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They Never Said That
The popular culture has always had an uncanny ability to misuse, misinterpret, misrepresent, and misquote. Its adherents believe that Columbus discovered
America and George Washington had wooden teeth and dog saliva cleanses flesh wounds.
The other day I heard a goofy radio guy say, “Till death do we part.” He thought “do us part” was ungrammatical. (He was
wrong: it’s not we who are doing the parting. The line means “until death parts
Here are some other familiar sayings that have run into a little turbulence along the way …
• “Water, water, everywhere, and not a drop to drink.” The words “and not a” can’t be
found in the famous couplet from Samuel Taylor Coleridge’s epic poem “The Rime of the Ancient Mariner” (1798). Here is how Coleridge
wrote it: “Water, water, everywhere, / Nor any drop to drink.”
• “A little knowledge is a dangerous thing.” There are several memorable lines from Alexander
Pope’s 1711 poem “An Essay on Criticism.” This is almost one of them. But Pope wrote that “a little learning” is a dangerous
thing. Knowledge and learning are hardly synonyms.
• “Gild the lily” is supposedly from Shakespeare’s The Life and Death of King John. The correct quotation is, “To gild refined gold, to paint the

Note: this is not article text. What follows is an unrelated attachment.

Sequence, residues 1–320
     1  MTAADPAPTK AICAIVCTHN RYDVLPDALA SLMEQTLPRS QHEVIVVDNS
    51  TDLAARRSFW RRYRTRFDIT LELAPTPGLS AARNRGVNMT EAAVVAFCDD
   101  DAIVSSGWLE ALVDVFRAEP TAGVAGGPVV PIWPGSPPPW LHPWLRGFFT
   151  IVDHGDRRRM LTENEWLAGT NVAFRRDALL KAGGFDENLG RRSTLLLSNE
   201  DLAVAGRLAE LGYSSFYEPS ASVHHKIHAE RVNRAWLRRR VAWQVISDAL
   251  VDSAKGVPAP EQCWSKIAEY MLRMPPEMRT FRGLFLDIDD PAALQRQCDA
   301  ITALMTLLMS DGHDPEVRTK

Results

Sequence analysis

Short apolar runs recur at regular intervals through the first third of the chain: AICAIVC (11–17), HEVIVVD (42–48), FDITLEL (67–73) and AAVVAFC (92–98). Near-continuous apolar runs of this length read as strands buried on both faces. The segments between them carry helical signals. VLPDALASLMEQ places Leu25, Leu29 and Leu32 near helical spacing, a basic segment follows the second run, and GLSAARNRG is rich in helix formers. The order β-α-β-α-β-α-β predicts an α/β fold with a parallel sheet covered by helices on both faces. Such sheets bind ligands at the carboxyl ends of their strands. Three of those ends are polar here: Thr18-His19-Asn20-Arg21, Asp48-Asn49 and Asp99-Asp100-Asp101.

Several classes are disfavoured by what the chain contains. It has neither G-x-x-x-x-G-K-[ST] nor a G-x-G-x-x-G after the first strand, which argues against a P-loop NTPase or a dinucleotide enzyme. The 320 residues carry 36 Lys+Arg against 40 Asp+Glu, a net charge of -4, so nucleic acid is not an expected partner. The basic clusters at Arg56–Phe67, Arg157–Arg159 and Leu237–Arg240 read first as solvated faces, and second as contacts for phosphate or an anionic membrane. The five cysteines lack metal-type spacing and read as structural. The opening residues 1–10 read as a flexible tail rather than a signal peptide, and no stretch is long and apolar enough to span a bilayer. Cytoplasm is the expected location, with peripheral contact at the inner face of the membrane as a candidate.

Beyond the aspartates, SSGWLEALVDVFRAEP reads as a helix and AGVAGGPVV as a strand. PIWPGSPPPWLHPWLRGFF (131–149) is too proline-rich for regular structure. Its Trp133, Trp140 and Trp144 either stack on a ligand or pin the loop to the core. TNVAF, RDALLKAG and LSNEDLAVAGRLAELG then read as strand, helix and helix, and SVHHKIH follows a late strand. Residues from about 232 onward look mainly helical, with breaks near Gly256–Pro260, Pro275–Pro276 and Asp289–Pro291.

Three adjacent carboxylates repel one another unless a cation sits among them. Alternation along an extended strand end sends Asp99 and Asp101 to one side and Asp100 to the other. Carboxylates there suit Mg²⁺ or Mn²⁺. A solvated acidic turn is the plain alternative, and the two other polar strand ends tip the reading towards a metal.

• “Come up and see me some time” was actress Mae West’s signature line, but the bodacious blonde didn’t say
it. In She Done Him Wrong (1933), Ms. West says to Cary Grant, “Why don’t you come up some time and see me.”
• “Play it again, Sam.” That line might put a lump in your throat if you’ve ever seen the 1942
movie Casablanca. But it’s nowhere to be found in that great film. What Ingrid Bergman says is, “Play it once, Sam. For old times’ sake.”
• “Elementary, my dear Watson.” Everyone knows this patronizing utterance by Sherlock Holmes to his overmatched
colleague Dr. Watson, but the line appears nowhere in any of the books and tales by Holmes’s creator, Sir Arthur Conan Doyle. I’m told it comes
from the 1929 film The Return of Sherlock Holmes. Watson says, “Amazing, Holmes.” Holmes replies, “Elementary, my dear Watson,
• “Beam me up, Scotty” was never said by William Shatner’s Captain Kirk in the original Star Trek TV
• “Music hath charms to soothe the savage beast.” This is a misquotation from William Congreve’s play The Morning Bride. Congreve (1670-1729) wrote “savage breast,” not “beast.” I’m guessing the error can be
attributed in part to good old American prudery, as demonstrated by this passage from a recent newspaper column: “He actually wrote ‘the savage
breast.’ But this being a family newspaper, we went with the popular misquote.” Very good, sir. And tonight’s special is mesquite-grilled
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Rules for Writing Good: Writing Tips
Here are more selections from a perverse set of rules that are guilty of the very mistakes they seek to prevent. English teachers, students, scientists, and writers have been circulating these self-contradictory rules for more than a century.
1. Its important to use apostrophe’s in the right places.
2. Don’t abbrev.
3. Don’t overuse exclamation marks!!!
Learn all about who and whom, affect and effect, subjects and verbs, adjectives and adverbs, commas, semicolons, quotation marks, and much more by just sitting back and enjoying these easy-to-follow lessons. Tell your colleagues (and boss), children, teachers, and friends. Click here to watch.